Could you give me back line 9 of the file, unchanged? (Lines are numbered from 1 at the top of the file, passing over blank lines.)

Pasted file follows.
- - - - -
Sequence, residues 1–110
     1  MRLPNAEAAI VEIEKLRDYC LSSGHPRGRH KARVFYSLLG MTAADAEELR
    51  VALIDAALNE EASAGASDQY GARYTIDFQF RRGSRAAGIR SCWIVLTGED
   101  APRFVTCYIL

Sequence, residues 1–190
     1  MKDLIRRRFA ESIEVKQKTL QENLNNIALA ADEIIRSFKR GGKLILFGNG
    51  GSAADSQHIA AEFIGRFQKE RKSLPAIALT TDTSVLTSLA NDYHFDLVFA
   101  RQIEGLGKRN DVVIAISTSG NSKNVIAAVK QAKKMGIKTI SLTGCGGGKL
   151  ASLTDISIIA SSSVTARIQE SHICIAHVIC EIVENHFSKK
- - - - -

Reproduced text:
   151  ASLTDISIIA SSSVTARIQE SHICIAHVIC EIVENHFSKK